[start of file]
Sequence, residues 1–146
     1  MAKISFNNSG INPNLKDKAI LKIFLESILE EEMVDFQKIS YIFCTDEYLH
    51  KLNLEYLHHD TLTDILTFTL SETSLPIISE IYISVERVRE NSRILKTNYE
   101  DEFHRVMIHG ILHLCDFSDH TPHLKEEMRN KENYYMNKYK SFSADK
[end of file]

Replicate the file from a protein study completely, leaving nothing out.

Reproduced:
Sequence, residues 1–146
     1  MAKISFNNSG INPNLKDKAI LKIFLESILE EEMVDFQKIS YIFCTDEYLH
    51  KLNLEYLHHD TLTDILTFTL SETSLPIISE IYISVERVRE NSRILKTNYE
   101  DEFHRVMIHG ILHLCDFSDH TPHLKEEMRN KENYYMNKYK SFSADK